Accrington Primitive Methodist chapel
In the 1860 Primitive Methodist magazine, John Mould writes about the opening of Accrington Primitive Methodist chapel in the Fox Hill Branch of the Haslingden Circuit.
“Accrington is a rising and important town in East Lancashire, with a population of upwards of 15,000, the chief employment being the manufacture of cotton goods and calico printing. The history of Primitive Methodism in this town L- like many things in human life— marked by many changes, some of which are not the most pleasing. Upwards of thirty years ago, the late Rev. T. Battey, Rev. G. Herod, and others, missioned the town, succeeded in raising a society, and rented a chapel ; this being too small, an effort was made, and a new chapel, with cottages underneath, was built, and opened about 1&35 or 1836, under the superintendency of the late Rev. J. Verity.
Subsequently the chapel was lost to tip connexion. Seven years ago, Brother John Standrin, re-missioned the town ; a very inconvenient room was rented, and when I came to this station in 1856 I found a society of about 20 members, and a congregation of from 30 to 40. Pews and a pulpit were put into the room, the little society worked and prayed, and the Lord smiled on our service, so that now we number upwards of 40 members, and about 140 Sabbath-scholars. Eighteen months ago, we began to think it possible for us to build something like a plain school-room in which to worship and teach ; our thoughts were made known, and the public entertained the thing favourably ; our friend James Whitaker, Esq., encouraged us, gave us his counsel, and we determined accordingly to attempt a good chapel and school room. Land was taken in the best street in the town (leasehold), at an annual rent of six guineas, and in April of last year, Mr. Whitaker laid the corner-stone of the new building in the presence of upwards of 2,000 spectators, many of whom wept for very joy ; a suitable hymn being sung, the Rev. Mr. Duncan (Wesleyan) prayed, the Rev. G. Kidd delivered an address, and the Rev. C. Williams (Baptist) closed with prayer. A tea and public meeting, presided over by Mr. Whitaker, and addressed by the various ministers of the town, in the Baptist school-room, closed the day’s proceedings.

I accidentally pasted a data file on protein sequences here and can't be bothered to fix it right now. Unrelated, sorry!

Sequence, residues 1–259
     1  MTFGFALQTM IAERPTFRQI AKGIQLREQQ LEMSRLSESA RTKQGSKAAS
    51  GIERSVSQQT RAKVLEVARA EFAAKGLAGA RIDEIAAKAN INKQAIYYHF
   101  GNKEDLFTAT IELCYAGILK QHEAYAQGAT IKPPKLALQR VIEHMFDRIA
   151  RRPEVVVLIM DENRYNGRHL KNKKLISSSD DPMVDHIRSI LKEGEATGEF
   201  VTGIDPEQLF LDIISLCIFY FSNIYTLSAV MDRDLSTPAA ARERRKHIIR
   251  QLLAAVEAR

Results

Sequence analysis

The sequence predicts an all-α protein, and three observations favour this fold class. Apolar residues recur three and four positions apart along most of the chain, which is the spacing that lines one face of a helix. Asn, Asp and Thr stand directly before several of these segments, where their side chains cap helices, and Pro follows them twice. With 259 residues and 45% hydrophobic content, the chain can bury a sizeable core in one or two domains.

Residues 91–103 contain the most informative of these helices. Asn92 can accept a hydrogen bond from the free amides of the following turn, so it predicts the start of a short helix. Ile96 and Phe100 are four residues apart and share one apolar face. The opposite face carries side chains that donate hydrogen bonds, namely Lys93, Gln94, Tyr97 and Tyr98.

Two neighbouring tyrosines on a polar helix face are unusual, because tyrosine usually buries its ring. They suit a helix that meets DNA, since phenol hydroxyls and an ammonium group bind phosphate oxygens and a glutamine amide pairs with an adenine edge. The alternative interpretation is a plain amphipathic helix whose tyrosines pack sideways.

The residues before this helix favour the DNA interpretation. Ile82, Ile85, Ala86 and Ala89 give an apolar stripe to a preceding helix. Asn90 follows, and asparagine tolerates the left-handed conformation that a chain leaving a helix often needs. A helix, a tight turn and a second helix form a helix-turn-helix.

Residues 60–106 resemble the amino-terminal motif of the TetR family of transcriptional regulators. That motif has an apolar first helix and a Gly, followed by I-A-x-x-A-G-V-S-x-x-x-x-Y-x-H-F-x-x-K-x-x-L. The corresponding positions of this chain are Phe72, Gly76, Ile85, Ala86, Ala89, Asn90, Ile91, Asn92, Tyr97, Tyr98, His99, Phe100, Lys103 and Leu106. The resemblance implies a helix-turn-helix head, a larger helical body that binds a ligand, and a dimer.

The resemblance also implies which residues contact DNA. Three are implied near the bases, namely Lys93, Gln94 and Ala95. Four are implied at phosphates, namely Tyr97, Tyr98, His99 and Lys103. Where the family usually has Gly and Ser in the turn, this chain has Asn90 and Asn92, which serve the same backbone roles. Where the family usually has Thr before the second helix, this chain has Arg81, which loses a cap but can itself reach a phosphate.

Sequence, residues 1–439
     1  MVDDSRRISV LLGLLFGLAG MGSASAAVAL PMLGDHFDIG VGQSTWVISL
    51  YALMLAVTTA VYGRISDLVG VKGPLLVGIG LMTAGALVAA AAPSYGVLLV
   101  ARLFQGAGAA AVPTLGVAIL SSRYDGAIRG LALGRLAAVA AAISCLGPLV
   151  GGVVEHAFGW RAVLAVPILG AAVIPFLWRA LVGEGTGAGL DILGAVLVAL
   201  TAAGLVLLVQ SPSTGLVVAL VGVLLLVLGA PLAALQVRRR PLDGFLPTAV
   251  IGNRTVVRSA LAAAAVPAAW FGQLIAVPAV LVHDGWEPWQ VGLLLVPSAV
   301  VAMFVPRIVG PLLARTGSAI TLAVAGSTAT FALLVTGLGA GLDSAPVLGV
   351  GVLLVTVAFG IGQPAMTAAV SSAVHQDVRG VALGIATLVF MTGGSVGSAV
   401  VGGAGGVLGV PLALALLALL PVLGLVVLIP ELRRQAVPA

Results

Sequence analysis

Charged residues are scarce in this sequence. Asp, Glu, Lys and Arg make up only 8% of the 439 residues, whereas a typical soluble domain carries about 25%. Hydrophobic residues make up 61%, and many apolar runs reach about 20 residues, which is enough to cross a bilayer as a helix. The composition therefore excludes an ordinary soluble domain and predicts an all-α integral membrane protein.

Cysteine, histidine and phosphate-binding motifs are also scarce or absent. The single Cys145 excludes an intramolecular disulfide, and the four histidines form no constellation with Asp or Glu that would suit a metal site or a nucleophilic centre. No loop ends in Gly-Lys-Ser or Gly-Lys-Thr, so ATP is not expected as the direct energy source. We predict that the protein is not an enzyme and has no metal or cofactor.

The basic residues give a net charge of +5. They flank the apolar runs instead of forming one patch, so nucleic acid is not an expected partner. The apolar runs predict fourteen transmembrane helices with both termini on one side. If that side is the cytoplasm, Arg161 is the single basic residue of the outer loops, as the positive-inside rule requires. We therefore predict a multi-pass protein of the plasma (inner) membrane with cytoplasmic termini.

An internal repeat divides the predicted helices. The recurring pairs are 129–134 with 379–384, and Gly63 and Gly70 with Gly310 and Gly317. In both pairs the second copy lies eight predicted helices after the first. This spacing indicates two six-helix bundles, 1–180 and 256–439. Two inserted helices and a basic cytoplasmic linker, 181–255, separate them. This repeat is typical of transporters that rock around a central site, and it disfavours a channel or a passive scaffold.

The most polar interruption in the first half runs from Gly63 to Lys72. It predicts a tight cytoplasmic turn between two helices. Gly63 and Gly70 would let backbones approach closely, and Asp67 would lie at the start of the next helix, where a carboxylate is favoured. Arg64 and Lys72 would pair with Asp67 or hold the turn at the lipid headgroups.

The building, now completed, is substantial, plain, and neat, built of stone, 14 by 13 yards outside, has rustic corners well dressed and splayed, front and sides are of rock-faced work, well bedded and jointed ; the school is under the chapel, has a boarded floor, fixed seats, with boarded backs, against the wall all round, is twelve feet high from the floor to the ceiling, is lighted by nine good windows, which can never be darkened by other buildings.
The chapel is 26 feet from the floor to the ceiling, has three windows in each side, and three in the front ; it is entered by a broad flight of steps ; the door- way, which is ten feet high by five feet wide, has folding -doors, with fan light above ; the aisles are entered from the vestibule by side doors with springs to the back ; the walls are lined with boards a little higher than the top of the pews ; there are also two excellent lofty, large vestries, joining the back gable, the lower one for the school, and the one above it for the chapel; the front fence is a good stone wall with coping, on the top of which is strong wrought iron palisading, with wide folding-gates of wrought iron for the entrance to the chapel, and a similar gate is the medium of entrance to the school.
The chapel was opened for divine worship on the first and second Sabbaths in December last, when sermons were preached by the Revs. Charles Lace, of Sheffield, and John Petty, of Hull ; a sermon was also preached by the Rev. Charles Garrett (Wesleyan). The congregations were large, the collections liberal, and the Great Head of the Church signally hallowed the services. The entire expenditure, inclusive of connexional deed, is £680 : a donation by James Whitaker, Esq., £50 ; collected, £253 ; realised at the opening services, £77 ; total, £380 : leaving a debt of £300. We take this opportunity of expressing our sincere thanks to James Whitaker, Esq., and all our helpers. “
The chapel was on Whalley Road, but where abouts and what happened to it?
Primitive Methodist magazine March 1860 pages 173-174